MISSION AND HISTORY
King Solomon Missionary Baptist Church is a church whose mission is to reach out to the community armed with the Gospel of Jesus Christ. We seek to make a change in our community by showing the love of Christ to our community.
THE KING SOLOMON HISTORY
The first Sunday in September 1965, our Pastor, the Reverend Morgan Babb preached his first sermon at the First Street Baptist Church on Montgomery Street in East Nashville, of which the Reverend James Armstrong is Pastor. The sermon, recorded and released on an album entitled “Holy Boldness”, brought letters from all parts of the country for preaching engagements as Reverend Babb was already well known as a result of his gospel singing throughout the United States. His third sermon was delivered at First Baptist Church, Vine and Grove Streets, Decatur, Alabama, one of the largest churches of that city. At the time of this sermon a soul was added and Revered Babb was extended the honor of doing a revival, which he was unable to accept due to his position at the WVOL Radio Station where he served as Program Director. Shortly thereafter he resigned from that position to devote full time and concentration to his studies of God’s work. The week following his first sermon he received his first call to pastor in the rural area. Within the next week he received two calls. He did not understand why but turned all calls down. One Saturday for some reason he drove to the residence of the Reverend Scott Howard. Upon arriving there, he changed his mind and did not stop, drove past one block and for some reason of which he was to later learn, he turned and went back. This time he stopped and in conversation with Reverend Howard, out of the clear blue sky Reverend Howard stated that he knew of an old vacant church building and wanted to know if he was interested. As was mentioned, some weeks before that, Reverend Babb wanted to organize a church and start from the ground for God had given him a program and he knew that if he accepted an established congregation he would be hindered in bringing this program into reality; he had no time for this sort of thing.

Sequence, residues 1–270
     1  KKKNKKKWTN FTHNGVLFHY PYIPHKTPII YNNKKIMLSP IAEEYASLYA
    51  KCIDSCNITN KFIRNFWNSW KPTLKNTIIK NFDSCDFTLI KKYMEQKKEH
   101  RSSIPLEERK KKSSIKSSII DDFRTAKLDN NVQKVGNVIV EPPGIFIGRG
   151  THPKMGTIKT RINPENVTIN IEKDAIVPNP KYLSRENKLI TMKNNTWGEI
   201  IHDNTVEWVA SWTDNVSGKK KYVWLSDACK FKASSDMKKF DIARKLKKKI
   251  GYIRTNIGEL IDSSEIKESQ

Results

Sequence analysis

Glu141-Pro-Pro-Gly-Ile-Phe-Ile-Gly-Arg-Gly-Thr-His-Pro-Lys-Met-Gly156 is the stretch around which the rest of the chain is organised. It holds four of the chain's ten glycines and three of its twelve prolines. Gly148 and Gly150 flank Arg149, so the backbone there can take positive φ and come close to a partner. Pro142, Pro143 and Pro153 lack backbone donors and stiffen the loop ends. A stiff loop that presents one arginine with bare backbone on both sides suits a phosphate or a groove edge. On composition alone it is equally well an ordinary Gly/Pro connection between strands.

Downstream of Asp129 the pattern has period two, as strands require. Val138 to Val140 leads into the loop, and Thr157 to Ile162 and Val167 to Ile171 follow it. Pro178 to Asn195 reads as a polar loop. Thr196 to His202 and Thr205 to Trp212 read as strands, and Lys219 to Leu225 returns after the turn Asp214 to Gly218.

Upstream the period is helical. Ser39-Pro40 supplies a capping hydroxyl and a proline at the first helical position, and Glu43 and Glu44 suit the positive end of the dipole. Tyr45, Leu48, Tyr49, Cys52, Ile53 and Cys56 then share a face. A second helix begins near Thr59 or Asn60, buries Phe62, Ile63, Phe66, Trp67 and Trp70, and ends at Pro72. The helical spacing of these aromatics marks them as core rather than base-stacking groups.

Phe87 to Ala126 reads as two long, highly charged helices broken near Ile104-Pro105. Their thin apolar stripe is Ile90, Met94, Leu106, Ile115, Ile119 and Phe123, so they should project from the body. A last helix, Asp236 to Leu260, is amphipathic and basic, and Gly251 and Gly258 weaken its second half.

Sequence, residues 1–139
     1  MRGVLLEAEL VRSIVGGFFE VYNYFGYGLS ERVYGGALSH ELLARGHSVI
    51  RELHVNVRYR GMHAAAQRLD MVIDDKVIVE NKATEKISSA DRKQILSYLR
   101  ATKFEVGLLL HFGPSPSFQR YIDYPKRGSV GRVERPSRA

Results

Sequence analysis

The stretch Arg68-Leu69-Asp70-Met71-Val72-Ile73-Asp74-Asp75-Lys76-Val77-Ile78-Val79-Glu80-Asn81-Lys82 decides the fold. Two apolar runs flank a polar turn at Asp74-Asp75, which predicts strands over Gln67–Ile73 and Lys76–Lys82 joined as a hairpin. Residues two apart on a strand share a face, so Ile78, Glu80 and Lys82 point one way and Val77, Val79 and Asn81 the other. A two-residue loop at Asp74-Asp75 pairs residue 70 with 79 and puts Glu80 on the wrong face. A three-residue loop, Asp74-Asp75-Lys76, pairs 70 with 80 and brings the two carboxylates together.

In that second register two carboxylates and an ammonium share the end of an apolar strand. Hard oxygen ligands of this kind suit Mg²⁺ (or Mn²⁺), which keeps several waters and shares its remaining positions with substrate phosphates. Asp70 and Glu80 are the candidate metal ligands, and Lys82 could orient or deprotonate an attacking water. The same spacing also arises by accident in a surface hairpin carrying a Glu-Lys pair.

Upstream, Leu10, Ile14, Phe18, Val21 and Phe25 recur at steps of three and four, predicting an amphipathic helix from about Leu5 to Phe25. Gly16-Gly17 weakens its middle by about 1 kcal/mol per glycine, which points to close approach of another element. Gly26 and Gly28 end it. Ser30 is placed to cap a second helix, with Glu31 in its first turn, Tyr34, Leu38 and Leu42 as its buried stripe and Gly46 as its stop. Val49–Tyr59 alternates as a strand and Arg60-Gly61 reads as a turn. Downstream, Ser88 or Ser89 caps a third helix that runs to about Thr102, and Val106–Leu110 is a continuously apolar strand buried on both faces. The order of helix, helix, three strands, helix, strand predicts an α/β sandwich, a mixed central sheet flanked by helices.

Reverend Howard put him into his car and drove to 1419 Tenth Avenue North. He was able to obtain information regarding the owner of the building located at the address. He never rested a moment until he made contact with the owner, Mr. P.V. Fort. They had never met before, but upon asking about the building, Mr. Fort immediately handed him the key. Reverend Babb drove back to the church house and entered the building to find only a rostrum and no furniture. Prior to the answering of his divine calling he had put into a shaving bag a portion of his earnings. He never counted nor knew how much was in the bag. He wondered as he sat in an old chair in the center of the church house if he would be able to purchase enough mis-matched furniture to furnish the building and where he would find it. This was on a Saturday. He meditated throughout the weekend and drove back to the church house on a Monday after work and for some reason he had the urge to drive to the home of his brother on 16th Avenue North. Leaving the church, in the third block, he glanced to the right and there was an old condemned Nazarene Church building. He did not stop nor did it strike him to investigate. He proceeded to the home of his brother; he was no sooner there when he was back in the car on the same route, this time he had the urge to stop. As it was dark, he opened the trunk of his car and found a trouble-light and began to look in the building through a broken window and saw the old pews. Now, he had found the pews but wondered who he should contact to get them. He prayed a prayer silently and went to inquire next door. The first lady of which he inquired did not have any information; the second lady, sent there by God (?), watched his every move. When approached, she supplied him with the necessary information: the man lived within the next block and he proceeded to the address. Upon approaching the gentleman, he instructed Reverend Babb without a long discussion to get all the pews he wanted and then come back and tell him how many he had gotten. The price quoted by the gentleman was $5.00 per pew. Reverend Babb again silently thanked God and proceeded to rent a truck, and with his elder son they moved the pews to the building after which he returned to the gentleman and reported the number of pews he had gotten. The man looked at Reverend Babb and stated, “you need those pews, I believe you are sincere, I am going to cut the price in half. “ Again, Reverend Babb silently thanked God. He went into his little bag and paid for the pews. Now he had the building, he had the old pews, but again wondered about the necessity of lights and heat. Did he have enough money to cover the cost incident to obtaining these utilities? He returned to the bag to have the lights turned on. Now, what about the heat? He drove to the gas company and made the deposit for gas service from the little bag. The gas man called and said he could not turn the gas on because the furnace was not in working condition. Reverend Babb was instructed to call a heating company. Again he silently thanked God. Now the lights were on, the gas was on, but the one furnace was insufficient for proper heating. He proceeded to Sears, Roebuck & Company and purchased a gas heater for $139, taken from the little bag. Now he was ready to open the mission. Then he decided a piano was needed. After prayer, he proceeded to Claude P. Street Piano Company and purchased an old piano, or which the down payment was made from the little bag with the hopes of being able to pay the balance of $50. Every cent spent was taken from this bag, and after everything was purchased he thanked God and decided to count the balance of money in the bag. He had $129 left and when we think of this true story of how this little bag became a treasure chest and how it was that the necessary furniture was within two blocks of this building and how everything fell into place and Reverend Babb’s turning down of the pastorialship of three established churches proved that like the Apostle Paul, God had work for him to do in this old building. It began December 31, 1965 at 11:00 p.m. The only members were Mrs. Babb, Lannie and Gary Babb. Reverend Babb was the choir, the organist, the deacons, the ushers and the treasurer. His daughter Lannie was the clerk. He would open the service with congregation songs, then sit at his organ to take the position the position of the choir, after which he would deliver the message, extend the invitation from the organ, receive members and ask visitors to lift the offering. His first offering was $84. Well he thought, I have one month’s rent. With the divine guidance of God many souls were brought into the church now known as King Solomon Missionary Baptist Church.